8. One solution is set the meter to matrix and expose for the highlights isn’t? I still can’t do it properly… But my results are better… Sometimes the subject gets a bit underexposed u can correct on post or just fill in with a speed light… My problem is when the sky gets in the frame … I expose for the sky I can bring the subject back in the post but the color a not that vivid as they suppose

    1. Hi Alexandre, I wouldn’t consider any of the meter settings a solution. As you progress further with photography you will come to realise that the only solution is a decision as to which range of tones YOU decide to capture most accurately and in doing so some may be overexposed and some may be underexposed because cameras cannot capture everything that your eye can see and it cannot be reproduced or displayed in the same way. As an example, imagine that your eyes can see life around you as a 1-100 range, your camera however can only ever see 80 spaces in that range. You can choose to set those 80 spaces from, 10-90 or 1-80, or 20-100. The point is when you work in manual mode as you will learn through this course, you will decide where to place that range based on a creative decision that you will come to learn. No light meter can really ever decide for you what is best, the light meter is just a computer it can only approximate what it thinks it should do.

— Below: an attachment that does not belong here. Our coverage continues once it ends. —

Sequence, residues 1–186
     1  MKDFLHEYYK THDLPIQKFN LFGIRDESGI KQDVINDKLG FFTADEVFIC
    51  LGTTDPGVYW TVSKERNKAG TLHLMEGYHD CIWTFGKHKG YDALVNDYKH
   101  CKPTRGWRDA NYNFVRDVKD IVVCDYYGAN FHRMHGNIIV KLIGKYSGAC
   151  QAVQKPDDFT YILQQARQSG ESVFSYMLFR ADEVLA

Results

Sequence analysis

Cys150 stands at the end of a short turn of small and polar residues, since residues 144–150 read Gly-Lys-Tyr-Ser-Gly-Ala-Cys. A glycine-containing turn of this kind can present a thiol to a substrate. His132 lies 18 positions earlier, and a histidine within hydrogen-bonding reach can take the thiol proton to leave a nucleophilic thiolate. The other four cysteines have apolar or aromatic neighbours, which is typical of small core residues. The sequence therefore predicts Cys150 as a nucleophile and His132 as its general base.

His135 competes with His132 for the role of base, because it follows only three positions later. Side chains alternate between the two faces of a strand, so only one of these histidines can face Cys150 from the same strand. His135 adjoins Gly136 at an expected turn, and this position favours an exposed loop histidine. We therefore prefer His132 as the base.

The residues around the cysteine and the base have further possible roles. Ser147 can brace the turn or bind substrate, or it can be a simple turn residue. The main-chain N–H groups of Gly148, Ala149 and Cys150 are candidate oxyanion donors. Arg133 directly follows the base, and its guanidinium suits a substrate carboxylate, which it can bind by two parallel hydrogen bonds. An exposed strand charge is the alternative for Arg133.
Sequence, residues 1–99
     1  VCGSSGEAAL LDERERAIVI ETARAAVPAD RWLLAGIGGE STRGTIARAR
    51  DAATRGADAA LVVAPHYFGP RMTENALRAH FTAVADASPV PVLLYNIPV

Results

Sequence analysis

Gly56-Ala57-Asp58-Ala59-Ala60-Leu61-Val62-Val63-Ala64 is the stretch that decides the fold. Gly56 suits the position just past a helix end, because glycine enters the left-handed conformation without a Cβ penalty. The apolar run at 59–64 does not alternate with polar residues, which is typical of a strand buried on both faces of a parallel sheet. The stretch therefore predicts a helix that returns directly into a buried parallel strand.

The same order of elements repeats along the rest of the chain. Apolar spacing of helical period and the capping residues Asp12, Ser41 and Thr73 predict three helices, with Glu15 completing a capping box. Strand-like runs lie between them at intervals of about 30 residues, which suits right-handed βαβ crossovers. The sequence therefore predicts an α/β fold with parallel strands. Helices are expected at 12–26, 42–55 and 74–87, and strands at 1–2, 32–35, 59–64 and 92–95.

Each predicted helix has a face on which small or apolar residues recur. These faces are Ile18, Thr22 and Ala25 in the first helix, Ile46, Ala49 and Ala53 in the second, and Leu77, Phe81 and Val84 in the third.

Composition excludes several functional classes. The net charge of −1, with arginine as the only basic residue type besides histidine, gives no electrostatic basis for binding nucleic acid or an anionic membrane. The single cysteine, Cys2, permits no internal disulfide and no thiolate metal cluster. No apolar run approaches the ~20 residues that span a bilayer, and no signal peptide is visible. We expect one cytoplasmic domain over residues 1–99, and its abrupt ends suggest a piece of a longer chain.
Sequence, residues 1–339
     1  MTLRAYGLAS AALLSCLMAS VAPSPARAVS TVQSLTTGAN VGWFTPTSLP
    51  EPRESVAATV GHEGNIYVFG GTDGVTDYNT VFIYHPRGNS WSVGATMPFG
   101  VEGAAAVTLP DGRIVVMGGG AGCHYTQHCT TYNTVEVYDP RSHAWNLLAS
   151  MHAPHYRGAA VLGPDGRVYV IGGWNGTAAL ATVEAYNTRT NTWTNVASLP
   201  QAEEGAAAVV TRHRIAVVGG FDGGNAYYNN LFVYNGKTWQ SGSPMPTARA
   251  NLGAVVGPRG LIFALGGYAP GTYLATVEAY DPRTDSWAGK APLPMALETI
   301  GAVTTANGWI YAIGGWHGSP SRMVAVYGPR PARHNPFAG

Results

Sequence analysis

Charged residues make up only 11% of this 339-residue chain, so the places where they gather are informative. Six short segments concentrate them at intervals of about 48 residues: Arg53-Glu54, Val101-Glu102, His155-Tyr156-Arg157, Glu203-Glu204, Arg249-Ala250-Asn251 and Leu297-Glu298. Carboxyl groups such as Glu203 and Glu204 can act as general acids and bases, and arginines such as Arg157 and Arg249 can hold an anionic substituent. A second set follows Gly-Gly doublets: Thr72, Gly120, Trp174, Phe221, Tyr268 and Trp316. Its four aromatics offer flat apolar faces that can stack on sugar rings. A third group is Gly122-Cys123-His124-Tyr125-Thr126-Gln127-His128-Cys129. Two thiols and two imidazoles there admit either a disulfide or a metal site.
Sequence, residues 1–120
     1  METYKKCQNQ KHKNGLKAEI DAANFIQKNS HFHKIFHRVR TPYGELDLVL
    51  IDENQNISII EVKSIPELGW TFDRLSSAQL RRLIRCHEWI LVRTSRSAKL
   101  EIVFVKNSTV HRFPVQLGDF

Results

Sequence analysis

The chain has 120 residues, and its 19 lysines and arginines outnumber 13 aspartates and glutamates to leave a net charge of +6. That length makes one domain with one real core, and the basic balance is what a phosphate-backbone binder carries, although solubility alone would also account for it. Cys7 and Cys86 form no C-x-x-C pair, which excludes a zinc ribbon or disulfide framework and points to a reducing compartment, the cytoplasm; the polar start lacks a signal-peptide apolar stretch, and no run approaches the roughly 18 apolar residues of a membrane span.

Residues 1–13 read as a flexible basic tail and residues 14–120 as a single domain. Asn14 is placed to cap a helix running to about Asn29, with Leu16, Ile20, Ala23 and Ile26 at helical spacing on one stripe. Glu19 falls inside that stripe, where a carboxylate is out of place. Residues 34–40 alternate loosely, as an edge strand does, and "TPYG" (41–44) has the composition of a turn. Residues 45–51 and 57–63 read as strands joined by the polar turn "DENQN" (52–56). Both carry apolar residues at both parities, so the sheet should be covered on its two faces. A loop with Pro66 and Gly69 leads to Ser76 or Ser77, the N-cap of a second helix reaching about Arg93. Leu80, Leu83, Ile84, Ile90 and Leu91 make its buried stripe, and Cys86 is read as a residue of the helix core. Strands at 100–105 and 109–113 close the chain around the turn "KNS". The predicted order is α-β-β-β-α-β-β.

1. Hi Chethan, it’s calculated in general terms by the focal length of the lens divide by the diameter of the opening aperture physical size. Essentially though f8 or f11 on one lens should be a similar exposure value to f8 or f11 on another lens.

    1. Hi Joel, the simple answer is when it looks right. A slightly better answer would be when your highlight detail is within reproducible limits and only the very very darkest area of the image is black but the areas of shadow are still perceivable and yet with all this does it still look right.

    1. Hi Marilyn, thank you. Of course if you have any questions just leave them in the comments section below any module.

    1. Hi Brian, different lenses have different maximum apertures. As you progress through this course you will realise there are two other ways to compensate for the exposure other than the aperture; shutter speed and ISO. Give me a shout again at the end of this course if you still have any questions. Regards Karl.

  9. Hey Karl i just bought a nikon D3100 so i’m starting.